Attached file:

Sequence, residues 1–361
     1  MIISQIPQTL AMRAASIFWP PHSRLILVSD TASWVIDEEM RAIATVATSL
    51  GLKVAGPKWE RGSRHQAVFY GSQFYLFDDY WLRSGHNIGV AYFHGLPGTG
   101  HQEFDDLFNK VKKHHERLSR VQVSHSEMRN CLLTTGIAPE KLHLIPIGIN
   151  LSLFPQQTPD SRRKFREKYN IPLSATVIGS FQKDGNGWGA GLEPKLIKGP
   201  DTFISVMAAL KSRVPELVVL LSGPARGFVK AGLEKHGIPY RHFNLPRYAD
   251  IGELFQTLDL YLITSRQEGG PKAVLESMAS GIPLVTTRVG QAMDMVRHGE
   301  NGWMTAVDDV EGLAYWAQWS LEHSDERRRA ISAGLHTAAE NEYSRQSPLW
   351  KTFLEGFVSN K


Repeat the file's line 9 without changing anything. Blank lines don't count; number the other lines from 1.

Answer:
   351  KTFLEGFVSN K